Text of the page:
In 13 short years, killer drones have gone from being exotic military technology featured primarily in the pages of specialized aviation magazines to a phenomenon of popular culture, splashed across daily newspapers and fictionalized in film and television, including the new season of “24.”
What has not changed all that much — at least superficially — is the basic aircraft that most people associate with drone warfare: the armed Predator.
The Predator, with its distinctive bubble near the nose and sensor ball underneath, is the iconic image of drone warfare, an aircraft that grew out of 1980s work supported by the Pentagon’s future-thinking Defense Advanced Research Projects Agency.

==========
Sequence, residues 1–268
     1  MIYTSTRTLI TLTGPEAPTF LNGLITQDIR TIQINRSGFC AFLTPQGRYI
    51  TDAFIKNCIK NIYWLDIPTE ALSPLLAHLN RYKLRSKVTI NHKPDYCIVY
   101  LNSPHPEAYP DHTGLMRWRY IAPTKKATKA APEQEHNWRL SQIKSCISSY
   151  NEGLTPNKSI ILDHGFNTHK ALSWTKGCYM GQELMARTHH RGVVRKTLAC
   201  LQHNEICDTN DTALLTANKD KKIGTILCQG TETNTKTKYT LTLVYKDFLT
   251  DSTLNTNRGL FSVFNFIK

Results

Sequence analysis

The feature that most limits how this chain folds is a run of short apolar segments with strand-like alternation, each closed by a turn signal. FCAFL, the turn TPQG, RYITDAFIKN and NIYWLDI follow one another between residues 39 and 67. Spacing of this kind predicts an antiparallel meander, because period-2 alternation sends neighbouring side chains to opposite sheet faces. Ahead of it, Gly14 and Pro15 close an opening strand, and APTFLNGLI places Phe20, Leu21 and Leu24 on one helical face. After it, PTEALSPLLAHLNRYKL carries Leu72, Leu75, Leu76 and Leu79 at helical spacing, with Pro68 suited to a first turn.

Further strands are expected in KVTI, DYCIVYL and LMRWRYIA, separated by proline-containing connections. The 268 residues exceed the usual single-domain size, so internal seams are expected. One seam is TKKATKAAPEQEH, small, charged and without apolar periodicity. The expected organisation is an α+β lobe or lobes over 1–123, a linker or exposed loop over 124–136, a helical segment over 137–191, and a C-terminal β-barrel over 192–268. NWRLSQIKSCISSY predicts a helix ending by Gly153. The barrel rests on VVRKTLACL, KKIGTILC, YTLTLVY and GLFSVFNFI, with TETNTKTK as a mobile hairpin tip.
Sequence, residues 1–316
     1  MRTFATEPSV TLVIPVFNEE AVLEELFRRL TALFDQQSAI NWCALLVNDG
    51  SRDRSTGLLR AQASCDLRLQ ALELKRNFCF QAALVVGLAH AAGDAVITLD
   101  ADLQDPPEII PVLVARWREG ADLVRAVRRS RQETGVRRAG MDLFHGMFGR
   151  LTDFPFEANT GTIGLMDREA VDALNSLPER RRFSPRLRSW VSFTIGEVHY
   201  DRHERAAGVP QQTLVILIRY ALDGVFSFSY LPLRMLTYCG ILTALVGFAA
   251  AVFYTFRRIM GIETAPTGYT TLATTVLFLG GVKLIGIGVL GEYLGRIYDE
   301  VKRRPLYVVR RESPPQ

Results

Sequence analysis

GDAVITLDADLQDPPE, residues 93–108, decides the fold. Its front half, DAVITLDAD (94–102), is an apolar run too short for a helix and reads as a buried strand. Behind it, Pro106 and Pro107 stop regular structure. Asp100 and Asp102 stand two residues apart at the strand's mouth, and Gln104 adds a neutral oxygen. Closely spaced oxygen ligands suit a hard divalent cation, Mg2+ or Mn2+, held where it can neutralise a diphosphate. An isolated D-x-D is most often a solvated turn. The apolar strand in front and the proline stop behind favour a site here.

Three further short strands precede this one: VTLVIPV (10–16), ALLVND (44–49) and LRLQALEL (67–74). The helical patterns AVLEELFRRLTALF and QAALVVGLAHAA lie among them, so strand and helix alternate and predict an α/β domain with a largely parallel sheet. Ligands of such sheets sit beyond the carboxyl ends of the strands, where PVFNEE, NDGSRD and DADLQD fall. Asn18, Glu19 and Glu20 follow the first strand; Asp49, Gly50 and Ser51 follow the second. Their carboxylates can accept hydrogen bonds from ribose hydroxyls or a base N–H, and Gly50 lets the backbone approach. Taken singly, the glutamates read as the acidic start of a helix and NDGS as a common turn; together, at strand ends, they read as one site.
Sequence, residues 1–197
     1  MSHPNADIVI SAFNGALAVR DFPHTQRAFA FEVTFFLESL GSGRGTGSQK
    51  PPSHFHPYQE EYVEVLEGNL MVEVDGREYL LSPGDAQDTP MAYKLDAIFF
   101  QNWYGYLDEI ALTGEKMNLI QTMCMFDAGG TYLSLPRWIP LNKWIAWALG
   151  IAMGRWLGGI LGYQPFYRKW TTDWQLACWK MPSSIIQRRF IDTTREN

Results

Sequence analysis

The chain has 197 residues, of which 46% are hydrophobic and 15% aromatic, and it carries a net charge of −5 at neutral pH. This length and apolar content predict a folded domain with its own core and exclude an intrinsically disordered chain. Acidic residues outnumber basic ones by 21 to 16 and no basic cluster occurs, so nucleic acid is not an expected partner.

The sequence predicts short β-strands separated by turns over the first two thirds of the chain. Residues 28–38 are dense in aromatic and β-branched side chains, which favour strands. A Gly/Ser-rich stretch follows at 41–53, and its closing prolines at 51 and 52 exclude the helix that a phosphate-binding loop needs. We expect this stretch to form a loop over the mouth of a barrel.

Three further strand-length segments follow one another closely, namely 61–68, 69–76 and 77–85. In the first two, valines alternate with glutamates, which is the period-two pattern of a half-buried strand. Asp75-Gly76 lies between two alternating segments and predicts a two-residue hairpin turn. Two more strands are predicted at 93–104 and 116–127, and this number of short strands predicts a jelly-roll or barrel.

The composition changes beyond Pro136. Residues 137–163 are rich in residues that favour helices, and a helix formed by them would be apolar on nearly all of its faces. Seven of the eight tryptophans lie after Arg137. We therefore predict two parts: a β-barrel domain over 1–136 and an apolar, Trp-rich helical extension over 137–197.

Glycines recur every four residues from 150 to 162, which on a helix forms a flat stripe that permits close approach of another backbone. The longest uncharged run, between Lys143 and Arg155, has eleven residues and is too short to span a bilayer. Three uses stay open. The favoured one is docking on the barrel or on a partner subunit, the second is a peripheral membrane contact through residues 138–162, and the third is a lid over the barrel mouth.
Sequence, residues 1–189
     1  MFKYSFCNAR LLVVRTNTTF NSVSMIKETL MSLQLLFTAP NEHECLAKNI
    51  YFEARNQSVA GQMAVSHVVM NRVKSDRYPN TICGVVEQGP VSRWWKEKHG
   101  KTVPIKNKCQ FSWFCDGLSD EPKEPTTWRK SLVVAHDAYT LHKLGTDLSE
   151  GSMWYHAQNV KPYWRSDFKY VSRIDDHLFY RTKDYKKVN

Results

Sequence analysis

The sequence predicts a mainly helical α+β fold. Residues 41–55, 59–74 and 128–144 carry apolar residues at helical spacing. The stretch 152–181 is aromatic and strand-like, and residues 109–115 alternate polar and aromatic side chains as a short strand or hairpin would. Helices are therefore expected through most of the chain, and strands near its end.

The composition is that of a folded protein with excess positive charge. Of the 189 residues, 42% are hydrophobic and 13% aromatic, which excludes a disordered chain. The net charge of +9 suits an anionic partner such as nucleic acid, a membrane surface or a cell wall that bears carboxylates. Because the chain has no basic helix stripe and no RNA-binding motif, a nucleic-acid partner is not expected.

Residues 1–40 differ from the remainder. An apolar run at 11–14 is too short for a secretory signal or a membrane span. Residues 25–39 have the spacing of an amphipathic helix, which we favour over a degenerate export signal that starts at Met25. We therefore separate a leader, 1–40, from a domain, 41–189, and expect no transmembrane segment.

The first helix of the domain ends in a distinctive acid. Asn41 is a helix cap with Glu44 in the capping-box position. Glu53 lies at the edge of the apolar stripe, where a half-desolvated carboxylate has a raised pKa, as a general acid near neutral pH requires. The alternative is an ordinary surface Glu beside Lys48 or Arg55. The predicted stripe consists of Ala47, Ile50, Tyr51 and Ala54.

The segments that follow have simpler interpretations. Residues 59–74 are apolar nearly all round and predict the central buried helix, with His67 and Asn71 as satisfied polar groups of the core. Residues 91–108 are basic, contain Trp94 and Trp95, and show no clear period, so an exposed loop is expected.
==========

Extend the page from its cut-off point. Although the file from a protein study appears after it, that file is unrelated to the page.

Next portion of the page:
Originally developed to perform surveillance, the CIA added Hellfire missiles and began using the Predator to hunt down members of the Taliban and al Qaeda after the US invasion of Afghanistan in 2001. Though the CIA and Air Force now fly an updated version of the Predator — named Reaper — the drone is still relatively easy to detect, and easy to shoot down, at least for a country with a modern military.